As a teacher and someone who is professionally interested in education and particularly e-learning, I was loathe to spend Friday night making words with my kids. I would have preferred some real action, involving zombies or motorbikes, but Quarrel won us all over pretty quickly. To my amazement I found myself buying Quarrel for 400 Xbox live points (about £3.25) and we’ve been playing all weekend.
It’s hard to believe then, that Quarrel was nearly never released. Developed by Denki it was rejected time after time by leading games publishers because they did not think a word game would be interesting enough to make money. (see the full article here http://uk.xboxlive.ign.com/articles/121/1217197p1.html) Games publisher didn’t think like me, did they? Did they think that games that aren’t full of action won’t make money?
Actually, Quarrel is full of action, but it’s based around making words so you can defeat and kill enemy soldiers. The action depends on how well you can make words from a number of different letters.
My son already knew how to spell the word ‘who’ and when he used it in battle he was overjoyed to find out how powerful it was. There’s your education, right there. You learn this so you can do this.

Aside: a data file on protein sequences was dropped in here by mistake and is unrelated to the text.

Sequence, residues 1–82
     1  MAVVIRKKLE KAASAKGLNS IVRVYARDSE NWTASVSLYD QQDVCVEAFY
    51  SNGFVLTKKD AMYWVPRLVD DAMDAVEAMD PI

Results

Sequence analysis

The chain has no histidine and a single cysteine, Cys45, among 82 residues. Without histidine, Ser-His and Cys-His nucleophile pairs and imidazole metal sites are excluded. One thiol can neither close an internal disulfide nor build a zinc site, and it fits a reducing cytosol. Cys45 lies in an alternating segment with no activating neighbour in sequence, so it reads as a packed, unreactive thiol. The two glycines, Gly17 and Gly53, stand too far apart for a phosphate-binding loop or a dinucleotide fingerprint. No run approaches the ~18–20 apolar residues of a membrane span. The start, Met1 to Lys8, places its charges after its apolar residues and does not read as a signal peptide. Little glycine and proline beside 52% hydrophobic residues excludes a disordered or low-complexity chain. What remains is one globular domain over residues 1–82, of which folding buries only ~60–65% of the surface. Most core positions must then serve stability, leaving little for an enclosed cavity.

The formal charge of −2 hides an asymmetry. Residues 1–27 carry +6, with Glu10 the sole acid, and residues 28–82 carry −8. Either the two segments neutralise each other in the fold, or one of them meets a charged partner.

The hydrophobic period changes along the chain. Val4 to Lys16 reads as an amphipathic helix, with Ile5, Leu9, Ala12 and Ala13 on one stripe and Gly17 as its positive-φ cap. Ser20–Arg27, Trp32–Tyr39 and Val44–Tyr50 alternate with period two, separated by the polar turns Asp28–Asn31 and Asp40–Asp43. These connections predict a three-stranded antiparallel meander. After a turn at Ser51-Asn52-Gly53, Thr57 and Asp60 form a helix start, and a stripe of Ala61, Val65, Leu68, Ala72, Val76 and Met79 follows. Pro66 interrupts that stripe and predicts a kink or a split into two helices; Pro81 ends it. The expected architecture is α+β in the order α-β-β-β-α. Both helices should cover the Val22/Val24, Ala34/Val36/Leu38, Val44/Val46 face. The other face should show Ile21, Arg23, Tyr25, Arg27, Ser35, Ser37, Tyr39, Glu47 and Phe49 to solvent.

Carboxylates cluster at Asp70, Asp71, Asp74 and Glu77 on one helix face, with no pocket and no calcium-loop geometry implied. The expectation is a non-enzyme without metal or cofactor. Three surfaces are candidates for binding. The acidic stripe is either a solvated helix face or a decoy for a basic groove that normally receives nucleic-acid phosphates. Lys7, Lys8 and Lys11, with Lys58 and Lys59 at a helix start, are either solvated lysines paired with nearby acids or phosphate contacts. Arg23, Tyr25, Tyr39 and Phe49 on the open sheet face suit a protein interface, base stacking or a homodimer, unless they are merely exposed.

We need more games like Quarrel, so before they do get made, lets support this great game. If you’ve got an Xbox and are hooked up to Xbox live, search for it in the Arcade section and download it.
Way back in 1922, when television was a brand new invention, the fresh British Broadcasting Corporation or BBC as we know it, decided its mission would be to ‘inform, educate and entertain’ . Granted, the world was a different place and the power of the media was only just beginning to be realised but it was the spirit of modernity and a desire to use technology for the greater good that forced the BBC to put such a maxim in place. They felt that it was part of their job, with such massive power, to try and teach people something good.
If only modern video games felt like they had to do the same.